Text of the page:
I watched a couple of films over the weekend – “The Great Gatsby” and “Gravity”. You can probably tell there was a “yours and mine” selection here between my wife Lisa and I. Still, I was kind of interested in The Great Gatsby… for about 30 minutes or so. It’s a typical Baz Luhrmann film filled with hundreds of people in crazy costumes (he’s got to keep his wife busy somehow, I suppose) and plenty of those huge, excessive party scenes. Okay, if you like that kind of thing, no problems – it’s just not my kind of movie. I’m certainly not saying it’s a bad film.
I ended up on the front porch having a beer and watching the night sky – which led to me wondering just how close Luhrmann’s film (and the other TGG movies before it) comes to F. Scott Fitzgerald’s original concept for his book? As always, the iPad was within reach (sad, yes – I know) and I was surprised to discover that according to Wikipedia TGG was considered a failure. It only sold 20,000 in 1925, which considering the celebrity status of FSF was a poor showing indeed. Fitzgerald reckoned no one “got” what he was trying to do. It wasn’t until the 1940’s (Fitzgerald died in 1940 still convinced the book had failed) when TGG was freely distributed among soldiers serving overseas during WW2 that the book did one of those weird, literary things and became much-discussed, popular and eventually became ranked as one of the great American novels.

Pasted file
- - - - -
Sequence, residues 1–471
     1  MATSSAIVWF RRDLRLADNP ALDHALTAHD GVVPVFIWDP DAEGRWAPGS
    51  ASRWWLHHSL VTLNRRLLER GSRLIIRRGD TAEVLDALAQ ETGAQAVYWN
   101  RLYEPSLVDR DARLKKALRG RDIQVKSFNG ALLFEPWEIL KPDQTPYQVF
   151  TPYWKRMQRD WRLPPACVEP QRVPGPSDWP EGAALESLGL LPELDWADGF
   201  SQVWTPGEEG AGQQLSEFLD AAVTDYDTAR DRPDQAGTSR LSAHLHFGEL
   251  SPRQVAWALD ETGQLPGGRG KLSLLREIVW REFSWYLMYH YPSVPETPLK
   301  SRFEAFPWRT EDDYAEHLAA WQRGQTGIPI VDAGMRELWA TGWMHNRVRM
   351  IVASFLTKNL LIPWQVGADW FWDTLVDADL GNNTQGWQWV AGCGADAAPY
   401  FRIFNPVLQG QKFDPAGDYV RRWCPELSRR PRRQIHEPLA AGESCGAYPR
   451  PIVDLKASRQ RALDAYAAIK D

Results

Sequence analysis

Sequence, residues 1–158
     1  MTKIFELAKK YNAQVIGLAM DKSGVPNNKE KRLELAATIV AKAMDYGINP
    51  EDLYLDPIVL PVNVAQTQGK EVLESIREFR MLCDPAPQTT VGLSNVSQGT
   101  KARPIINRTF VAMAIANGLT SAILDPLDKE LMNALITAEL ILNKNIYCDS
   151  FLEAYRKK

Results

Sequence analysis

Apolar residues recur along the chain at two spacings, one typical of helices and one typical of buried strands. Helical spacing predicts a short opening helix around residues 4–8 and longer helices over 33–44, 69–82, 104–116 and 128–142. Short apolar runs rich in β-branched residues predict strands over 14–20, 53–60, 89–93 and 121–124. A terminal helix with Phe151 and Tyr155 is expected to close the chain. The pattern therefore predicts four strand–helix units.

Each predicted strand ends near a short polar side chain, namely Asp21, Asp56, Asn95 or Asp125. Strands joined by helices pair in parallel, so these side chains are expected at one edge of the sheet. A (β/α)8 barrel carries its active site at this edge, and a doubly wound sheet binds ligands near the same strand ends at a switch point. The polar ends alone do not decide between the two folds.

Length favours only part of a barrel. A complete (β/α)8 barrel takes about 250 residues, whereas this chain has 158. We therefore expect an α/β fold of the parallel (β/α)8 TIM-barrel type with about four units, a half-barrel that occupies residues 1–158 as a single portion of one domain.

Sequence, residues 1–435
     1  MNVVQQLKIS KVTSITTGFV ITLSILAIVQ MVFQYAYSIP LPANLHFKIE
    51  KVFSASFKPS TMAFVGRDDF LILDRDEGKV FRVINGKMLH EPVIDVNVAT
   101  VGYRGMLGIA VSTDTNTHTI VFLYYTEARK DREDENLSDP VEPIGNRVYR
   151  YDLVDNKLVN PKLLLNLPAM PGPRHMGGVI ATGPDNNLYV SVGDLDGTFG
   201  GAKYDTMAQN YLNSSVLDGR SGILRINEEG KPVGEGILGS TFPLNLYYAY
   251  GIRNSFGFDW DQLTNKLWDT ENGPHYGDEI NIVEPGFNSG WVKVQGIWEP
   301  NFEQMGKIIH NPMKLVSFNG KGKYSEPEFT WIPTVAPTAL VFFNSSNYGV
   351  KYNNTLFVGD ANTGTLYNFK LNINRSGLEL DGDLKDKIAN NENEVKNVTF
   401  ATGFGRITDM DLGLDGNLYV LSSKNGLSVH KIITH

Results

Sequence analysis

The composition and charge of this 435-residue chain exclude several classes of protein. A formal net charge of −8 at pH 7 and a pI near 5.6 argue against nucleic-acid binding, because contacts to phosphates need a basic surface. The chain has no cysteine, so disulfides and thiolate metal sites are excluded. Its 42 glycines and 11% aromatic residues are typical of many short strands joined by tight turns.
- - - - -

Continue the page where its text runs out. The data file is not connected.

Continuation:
It always intrigues me how close, or not, readers come to understanding a writer’s original intent (assuming they’re no longer alive to explain it themselves). I’ve had people tell me deep, complex analyses of my novels and I’ve never had the heart to explain nothing they imagine was ever in my head. I was just trying to write a good story! So the question is, which version of The Great Gatsby became the best selling novel? Was it Fitzgerald’s imagery that we finally “got”, or some completely distorted understanding of the book that we’ve created over the decades of picking every sentence apart? In other words, if F. Scott Fitzgerald were to see Luhrmann’s film today, afterwards would he say, “Yep, that’s what I was trying to say”?
Oh – and Gravity? Well, if you’re like me and into all that space stuff with floating astronauts and the rest – you’ll love it. The effects are very good. The story is pretty much non-existent, it’s little more than a vehicle to justify the visual trickery, and has huge holes anyway (e.g. how Sandra Bullock is a kind of “guest” scientific astronaut, not one of the space shuttle crew, but at some point she’s capable of reading Russian instruction manuals on how to drive these things…), but it truly doesn’t matter with the spectacle of the vision itself. And it’s not too long. So… highly recommended.
I suspect F. Scott Fitzgerald wouldn’t have “got” Gravity at all. He wouldn’t have understood the concept of no story at all, but only a thin idea to base a film script that depends on visual effects alone. That’s crazy writer’s talk.
I had another interesting thought though. How would Fitzgerald have written TGG, if he’d stayed alive long enough to witness the Great Depression?
Hmm… that’s what happens with beer, front porches and starry nights.